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Question:how to Track Down CPU-Bound Load?

If you do see a high percentage in the user or system columns, there's a good chance your load is CPU-bound. To track down the root cause, skip down a few lines to where top displays a list of current processes running on the system. By default, top will sort these based on the percentage of CPU used with the processes using the most on top (Listing 2). Listing 2. Current Processes Example PID USER PR NI VIRT RES SHR S %CPU %MEM TIME+ COMMAND 9463 mysql 16 0 686m 111m 3328 S 53 5.5 569:17.64 mysqld 18749 nagios 16 0 140m 134m 1868 S 12 6.6 1345:01 nagios2db_status 24636 nagios 17 0 34660 10m 712 S 8 0.5 1195:15 nagios 22442 nagios 24 0 6048 2024 1452 S 8 0.1 0:00.04 The %CPU column tells you just how much CPU each process is taking up. In this case, you can see that MySQL is taking up 53% of my CPU. As you look at this output during CPU-bound load, you probably will see one of two things: either you will have a single process tying up 99% of your CPU, or you will see a number of smaller processes all fighting for a percentage of CPU time. In either case, it's relatively simple to see the processes that are causing the problem. There's one final note I want to add on CPU-bound load: I've seen systems get incredibly high load simply because a multithreaded program spawned a huge number of threads on a system without many CPUs. If you spawn 20 threads on a single-CPU system, you might see a high load average, even though there are no particular processes that seem to tie up CPU time.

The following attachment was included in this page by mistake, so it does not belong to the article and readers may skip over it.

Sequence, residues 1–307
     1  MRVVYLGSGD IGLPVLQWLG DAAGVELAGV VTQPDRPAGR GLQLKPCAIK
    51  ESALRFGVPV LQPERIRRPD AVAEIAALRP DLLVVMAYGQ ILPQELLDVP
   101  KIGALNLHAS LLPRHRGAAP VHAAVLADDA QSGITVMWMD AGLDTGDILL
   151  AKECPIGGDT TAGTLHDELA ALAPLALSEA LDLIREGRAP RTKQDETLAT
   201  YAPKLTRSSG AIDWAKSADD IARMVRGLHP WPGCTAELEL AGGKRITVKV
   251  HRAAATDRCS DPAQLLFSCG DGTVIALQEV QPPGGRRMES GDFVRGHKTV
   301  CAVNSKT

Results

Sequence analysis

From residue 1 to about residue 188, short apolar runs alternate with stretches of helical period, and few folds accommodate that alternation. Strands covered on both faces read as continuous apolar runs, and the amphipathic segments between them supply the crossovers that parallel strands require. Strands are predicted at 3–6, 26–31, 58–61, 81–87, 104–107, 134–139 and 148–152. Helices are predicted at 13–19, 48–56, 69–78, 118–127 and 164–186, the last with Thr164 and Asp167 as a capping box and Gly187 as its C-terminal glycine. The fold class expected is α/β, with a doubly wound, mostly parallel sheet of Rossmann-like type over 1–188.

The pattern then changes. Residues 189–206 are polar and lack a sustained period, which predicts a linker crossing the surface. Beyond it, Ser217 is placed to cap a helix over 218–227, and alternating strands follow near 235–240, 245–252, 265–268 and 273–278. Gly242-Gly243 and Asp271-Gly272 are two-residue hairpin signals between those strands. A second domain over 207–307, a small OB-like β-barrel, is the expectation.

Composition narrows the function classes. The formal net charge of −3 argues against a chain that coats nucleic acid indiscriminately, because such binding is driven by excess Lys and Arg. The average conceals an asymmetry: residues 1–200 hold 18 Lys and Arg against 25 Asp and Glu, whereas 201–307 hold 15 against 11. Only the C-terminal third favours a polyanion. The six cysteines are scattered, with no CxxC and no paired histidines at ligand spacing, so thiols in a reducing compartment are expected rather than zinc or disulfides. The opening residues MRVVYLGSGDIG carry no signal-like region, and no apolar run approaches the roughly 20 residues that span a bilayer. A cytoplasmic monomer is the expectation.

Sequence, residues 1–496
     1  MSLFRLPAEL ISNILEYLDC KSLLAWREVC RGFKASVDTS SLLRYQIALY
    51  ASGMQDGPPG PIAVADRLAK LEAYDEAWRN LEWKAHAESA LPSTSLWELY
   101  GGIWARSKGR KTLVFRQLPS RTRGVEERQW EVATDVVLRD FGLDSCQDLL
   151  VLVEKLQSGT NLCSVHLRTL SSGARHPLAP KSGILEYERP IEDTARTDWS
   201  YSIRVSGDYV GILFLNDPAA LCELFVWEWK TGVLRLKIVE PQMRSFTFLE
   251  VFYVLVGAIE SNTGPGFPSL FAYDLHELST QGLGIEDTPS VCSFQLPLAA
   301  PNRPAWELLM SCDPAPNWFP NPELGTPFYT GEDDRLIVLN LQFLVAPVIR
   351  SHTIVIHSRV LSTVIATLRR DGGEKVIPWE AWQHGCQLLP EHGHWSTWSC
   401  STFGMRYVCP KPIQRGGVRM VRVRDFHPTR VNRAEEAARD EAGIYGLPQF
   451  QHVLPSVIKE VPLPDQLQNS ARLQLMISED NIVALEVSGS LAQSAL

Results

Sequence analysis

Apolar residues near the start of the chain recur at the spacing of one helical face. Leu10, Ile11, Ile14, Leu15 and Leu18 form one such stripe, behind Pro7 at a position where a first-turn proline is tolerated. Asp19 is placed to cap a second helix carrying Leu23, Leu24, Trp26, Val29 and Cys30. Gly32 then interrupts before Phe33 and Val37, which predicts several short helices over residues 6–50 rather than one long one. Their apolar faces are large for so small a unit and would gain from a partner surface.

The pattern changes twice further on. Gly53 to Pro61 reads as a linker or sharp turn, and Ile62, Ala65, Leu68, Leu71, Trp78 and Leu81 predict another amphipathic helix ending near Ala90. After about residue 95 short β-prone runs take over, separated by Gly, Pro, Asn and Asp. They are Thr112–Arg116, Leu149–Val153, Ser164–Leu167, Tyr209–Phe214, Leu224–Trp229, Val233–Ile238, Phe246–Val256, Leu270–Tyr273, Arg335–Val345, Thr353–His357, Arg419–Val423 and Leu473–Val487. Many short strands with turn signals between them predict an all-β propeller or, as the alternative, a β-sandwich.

asked Sep 13, 2013 in LINUX by anonymous
edited Sep 12, 2013
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